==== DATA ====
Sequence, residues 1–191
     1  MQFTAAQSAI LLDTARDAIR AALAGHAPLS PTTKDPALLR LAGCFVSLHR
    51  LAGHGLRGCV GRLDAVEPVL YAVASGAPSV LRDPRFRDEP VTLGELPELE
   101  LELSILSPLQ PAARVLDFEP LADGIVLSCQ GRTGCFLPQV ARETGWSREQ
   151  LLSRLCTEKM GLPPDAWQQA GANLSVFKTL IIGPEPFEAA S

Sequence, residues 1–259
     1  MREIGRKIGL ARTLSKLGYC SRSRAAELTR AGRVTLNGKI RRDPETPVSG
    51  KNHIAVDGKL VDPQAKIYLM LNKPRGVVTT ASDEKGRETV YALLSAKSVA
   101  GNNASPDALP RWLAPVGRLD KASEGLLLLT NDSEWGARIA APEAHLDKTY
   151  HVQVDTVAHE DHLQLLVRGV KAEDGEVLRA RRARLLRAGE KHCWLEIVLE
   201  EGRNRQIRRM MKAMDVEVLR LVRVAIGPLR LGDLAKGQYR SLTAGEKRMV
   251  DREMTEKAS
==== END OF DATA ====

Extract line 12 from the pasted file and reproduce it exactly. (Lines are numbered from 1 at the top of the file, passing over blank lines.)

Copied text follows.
   251  DREMTEKAS